25 | Sa-Tan-Ic Tonic “A Devil of a Cure”

“The Sa-Tan-Ic Medicine and Manufacturing Company was based out of Wichita, Kansas, and was established in the spring of 1915 by two druggists, W.W. Daniels and B.A. McGaugh. The two men already owned a thriving business, the Gehring Pharmacy, at 104 W. Douglas Ave., but Daniels and McGaugh noticed that there was a need for a product that could clean the bowels gently, unlike the harsh and potentially deadly laxatives of the era.”

Leading the medical side of the range was the Sa-Tan-Ic Tonic Laxative, also known simply as ‘Sa-Tan-Ic’, which took as its starting point the notion that ‘constipation is the cause of ninety percent of all diseases in man, women and children.’ Keeping the bowels regular would sort out most other health problems, both physical and mental. Advertisements promised that Sa-Tan-Ic would bring mental sunshine, prevent a lazy liver from going on strike, and act like an ‘energy gland’ transplanted into the body to restore the vigour of youth.”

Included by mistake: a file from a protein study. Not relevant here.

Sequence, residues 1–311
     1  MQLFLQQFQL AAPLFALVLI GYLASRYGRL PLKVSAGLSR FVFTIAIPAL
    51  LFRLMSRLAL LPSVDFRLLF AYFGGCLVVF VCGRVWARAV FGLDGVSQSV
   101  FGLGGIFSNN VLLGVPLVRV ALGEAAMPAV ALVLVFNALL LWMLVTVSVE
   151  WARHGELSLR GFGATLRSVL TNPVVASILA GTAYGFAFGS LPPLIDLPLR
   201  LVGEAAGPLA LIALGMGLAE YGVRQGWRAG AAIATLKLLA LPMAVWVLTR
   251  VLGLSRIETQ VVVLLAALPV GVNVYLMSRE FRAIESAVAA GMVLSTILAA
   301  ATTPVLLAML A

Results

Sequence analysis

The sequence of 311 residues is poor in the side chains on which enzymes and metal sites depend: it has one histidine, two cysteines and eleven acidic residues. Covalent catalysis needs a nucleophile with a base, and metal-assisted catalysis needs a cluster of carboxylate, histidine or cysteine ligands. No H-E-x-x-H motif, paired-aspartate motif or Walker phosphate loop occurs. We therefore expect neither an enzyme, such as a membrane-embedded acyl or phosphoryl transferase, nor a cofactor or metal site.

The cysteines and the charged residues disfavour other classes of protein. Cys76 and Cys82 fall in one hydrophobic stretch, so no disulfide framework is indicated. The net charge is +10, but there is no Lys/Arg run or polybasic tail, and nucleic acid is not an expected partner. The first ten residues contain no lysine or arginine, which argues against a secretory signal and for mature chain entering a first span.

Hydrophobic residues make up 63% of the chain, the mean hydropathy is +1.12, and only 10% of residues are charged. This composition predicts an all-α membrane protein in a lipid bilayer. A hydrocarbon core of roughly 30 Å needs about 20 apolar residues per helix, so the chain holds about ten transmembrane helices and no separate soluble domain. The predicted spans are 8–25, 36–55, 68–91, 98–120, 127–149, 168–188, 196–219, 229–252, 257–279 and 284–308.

Trademark of the Sa-Tan-ic Medicine Company, 1915

“One must always be grateful for small mercies. When a giant jazz-hands Satan is trampling amok on your planet of residence, you can at least gain comfort from the fact he has kept his underpants on.” –http://thequackdoctor.com/index.php/a-devil-of-a-cure/

Sa-tan-ic advertised in The Beaver Herald (OK) Dec 31 1914.

Sa-tan-ic tonic laxative photo by Jonathan Brown
Sa-tan-ic - Hutchinson News 04031920
Satanic liniment c 1920 via Vintagecocobythelake

“As the FDA began cracking down on the manufacturers of patent medicines in the 1920s, business began to decline, but not before Daniels and McGaugh had become multi-millionaires.”

“Hearings for misbranding under the Food and Drugs Act did not set out to ban products, comment on their overall effectiveness or decree that they were A Bad Thing. It was all about whether the claims on the packaging properly represented whatever was inside. So, while the herbal and salicylate ingredients would provide a laxative and pain-relieving effect, the claims that they could cure appendicitis and asthma – along with most other things – were a bit over the top. After paying $800 in costs and bonds, the company was free to continue selling the product, provided they were more circumspect in their marketing statements.”



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